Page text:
Schooling that children are forced to endure—in which the subject matter is imposed by others and the “learning” is motivated by extrinsic rewards and punishments rather than by the children’s true interests—turns learning from a joyful activity into a chore, to be avoided whenever possible. Coercive schooling, which tragically is the norm in our society, suppresses curiosity and overrides children’s natural ways of learning. It also promotes anxiety, depression and feelings of helplessness that all too often reach pathological levels.
The belief that young people are incapable of making reasonable decisions is a cornerstone of our system of compulsory, closely monitored education.
In this day and age, nobody can learn more than a sliver of all there is to know. Why force everyone to learn the same sliver?
People naturally want to make sense of their world. That, to Greenberg, is the essence of human curiosity. As they strive to answer questions that truly interest them, people are automatically motivated to use any resources that help them to address those questions. But the questions that interest one person do not necessarily interest another, and the resources that are helpful to one are not necessarily helpful to another.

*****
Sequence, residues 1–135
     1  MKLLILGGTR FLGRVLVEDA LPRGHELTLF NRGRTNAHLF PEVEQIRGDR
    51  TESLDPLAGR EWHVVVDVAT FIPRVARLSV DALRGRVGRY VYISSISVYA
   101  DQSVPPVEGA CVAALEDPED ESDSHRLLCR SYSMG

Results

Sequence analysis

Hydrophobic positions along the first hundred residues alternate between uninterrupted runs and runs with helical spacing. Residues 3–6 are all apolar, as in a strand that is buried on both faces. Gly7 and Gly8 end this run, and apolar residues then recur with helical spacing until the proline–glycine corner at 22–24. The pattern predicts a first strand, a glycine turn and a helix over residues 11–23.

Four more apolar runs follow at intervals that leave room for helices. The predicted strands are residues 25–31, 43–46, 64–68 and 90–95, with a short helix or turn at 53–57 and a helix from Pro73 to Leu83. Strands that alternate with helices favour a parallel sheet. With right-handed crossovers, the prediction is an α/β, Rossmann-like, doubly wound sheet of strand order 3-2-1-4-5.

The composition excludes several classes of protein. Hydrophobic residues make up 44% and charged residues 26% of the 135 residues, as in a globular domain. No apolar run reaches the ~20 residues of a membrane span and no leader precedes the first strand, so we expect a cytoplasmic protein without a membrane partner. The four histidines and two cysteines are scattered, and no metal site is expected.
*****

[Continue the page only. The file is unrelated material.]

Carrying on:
Once compulsory systems of state-run schools were established, they became increasingly standardized, both in content and in method. For the sake of efficiency, children were divided into separate classrooms by age and passed along, from grade to grade, like products on an assembly line. The task of each teacher was to add bits of officially approved knowledge to the product, in accordance with a preplanned schedule, and then to test that product before passing it on to the next station.